See to it that no one takes you captive… according to the elemental spirits of the world, and not according to Christ. Colossians 2:8
By total coincidence, I had the DVD “Ruby Bridges” to watch with my kids on Martin Luther King, Jr. Day last year. Based on a true story, it’s a movie about one of the first African-American students to attended an all white school in Louisiana in 1960. Ruby was all of six-years-old.
As the angry white people spat at poor little Ruby, and threatened to kill her, my kids were squirming in their seats. Mason, especially, kept saying how much he hated the movie. I explained that there was a big difference between a poorly written movie with awful acting, and a well done movie that made you feel bad. The first was a waste of time. The second was very necessary if that bad feeling had a good lesson in its hands.
My kids are incredibly sheltered. Although they’ve seen some bullying at school, they’d never witnessed the true hatred depicted in that movie. They couldn’t believe that people acted so cruelly during desegregation. It made me realize all I haven’t exposed them to yet.
There is so much I grapple with as a mother, but exposing my children to the atrocities of the real world is one of the biggies. If I can’t handle watching the evening news without getting overwhelmed and depressed, why would I expose my children to that? Yet, how will they grow up to be informed people who can possibly make a difference, if I don’t?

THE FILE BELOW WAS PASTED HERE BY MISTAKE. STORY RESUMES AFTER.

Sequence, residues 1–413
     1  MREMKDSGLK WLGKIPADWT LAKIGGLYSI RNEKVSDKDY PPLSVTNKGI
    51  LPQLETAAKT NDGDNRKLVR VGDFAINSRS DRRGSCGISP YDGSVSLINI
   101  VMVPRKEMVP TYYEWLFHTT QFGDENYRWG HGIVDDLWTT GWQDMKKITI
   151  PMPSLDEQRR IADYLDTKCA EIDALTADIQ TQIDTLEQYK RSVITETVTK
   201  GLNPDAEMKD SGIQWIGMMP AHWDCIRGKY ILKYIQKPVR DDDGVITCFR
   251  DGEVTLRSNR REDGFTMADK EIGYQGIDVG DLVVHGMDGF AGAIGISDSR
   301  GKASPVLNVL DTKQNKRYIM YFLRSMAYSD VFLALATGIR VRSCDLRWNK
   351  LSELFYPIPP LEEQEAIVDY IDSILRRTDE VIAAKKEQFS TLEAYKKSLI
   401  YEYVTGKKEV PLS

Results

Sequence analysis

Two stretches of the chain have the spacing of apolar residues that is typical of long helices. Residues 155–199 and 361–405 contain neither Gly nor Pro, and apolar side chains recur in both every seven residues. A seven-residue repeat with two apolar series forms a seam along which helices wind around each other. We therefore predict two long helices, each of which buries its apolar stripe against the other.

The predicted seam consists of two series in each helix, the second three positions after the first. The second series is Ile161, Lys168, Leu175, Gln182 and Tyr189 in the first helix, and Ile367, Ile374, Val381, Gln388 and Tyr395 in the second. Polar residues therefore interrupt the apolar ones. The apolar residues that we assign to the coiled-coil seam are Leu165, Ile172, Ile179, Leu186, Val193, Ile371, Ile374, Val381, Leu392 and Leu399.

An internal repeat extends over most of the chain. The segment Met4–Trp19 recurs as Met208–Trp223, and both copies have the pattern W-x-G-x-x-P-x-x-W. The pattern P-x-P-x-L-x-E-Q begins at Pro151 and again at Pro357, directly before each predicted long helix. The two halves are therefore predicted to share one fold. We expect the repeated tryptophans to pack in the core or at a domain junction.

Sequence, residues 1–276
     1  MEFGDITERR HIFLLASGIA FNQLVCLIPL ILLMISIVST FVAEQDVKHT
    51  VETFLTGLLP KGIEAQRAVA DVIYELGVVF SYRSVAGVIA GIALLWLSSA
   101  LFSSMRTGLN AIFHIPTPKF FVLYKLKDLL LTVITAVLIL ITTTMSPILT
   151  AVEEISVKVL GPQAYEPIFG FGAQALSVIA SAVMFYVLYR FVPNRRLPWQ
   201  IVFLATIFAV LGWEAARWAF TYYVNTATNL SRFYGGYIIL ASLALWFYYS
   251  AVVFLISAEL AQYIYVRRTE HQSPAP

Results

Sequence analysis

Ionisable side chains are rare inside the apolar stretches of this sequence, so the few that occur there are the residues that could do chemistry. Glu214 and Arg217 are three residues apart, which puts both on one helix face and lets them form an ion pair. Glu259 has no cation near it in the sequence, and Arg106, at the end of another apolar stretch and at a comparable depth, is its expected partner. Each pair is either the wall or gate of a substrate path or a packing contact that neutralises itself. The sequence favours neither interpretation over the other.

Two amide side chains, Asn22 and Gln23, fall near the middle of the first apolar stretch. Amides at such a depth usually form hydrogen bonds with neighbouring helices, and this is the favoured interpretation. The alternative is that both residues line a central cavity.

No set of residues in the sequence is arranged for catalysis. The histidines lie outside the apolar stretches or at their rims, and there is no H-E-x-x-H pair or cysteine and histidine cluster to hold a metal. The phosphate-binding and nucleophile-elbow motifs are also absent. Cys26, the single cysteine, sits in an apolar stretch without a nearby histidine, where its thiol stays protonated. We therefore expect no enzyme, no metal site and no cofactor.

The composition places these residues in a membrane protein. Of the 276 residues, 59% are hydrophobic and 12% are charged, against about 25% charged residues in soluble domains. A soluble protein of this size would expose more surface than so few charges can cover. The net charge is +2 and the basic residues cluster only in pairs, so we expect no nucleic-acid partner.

I think it’s kid appropriate movies like this one that are my answer. Although it made my kids squirm, that movie was the springboard to a fantastic conversation about intolerance. Multiple times throughout the movie, I paused it so we could talk.
At a level they could understand, we discussed how Ruby was just like them: a gift from God, just wrapped up in a different skin color. From there, we talked about all the other types of people who may look and act differently from them, but are still God’s gifts to the world. The more we embrace them, the more they share their gifts with us. The more we reject them, the more discord there is in the world. Although the conversation was basic, it was the foundation for how peace is created, and why war is waged.
Lo and behold, when the movie ended, all three of my kids said they loved it. In fact, they wanted to watch it again this year.
This experience helped me realize my kids are ready for more. I don’t have to shelter them so much. I’ve built a foundation of love, security, and acceptance in my home. Now it’s time to equip my kids to spread all that love and acceptance out in the world. If little Ruby could do it, my kids can too!
If you have any suggestions for good, lesson-teaching movies, appropriate for kids, I’d love you to share them in the comment section below. Thanks!
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Questions for Reflection:
* How do I cope when I hear about the atrocities in the world?
* Do I expose my children to any of them? If so, how?
* What are the ways my kids and I can help spread love and acceptance in the world?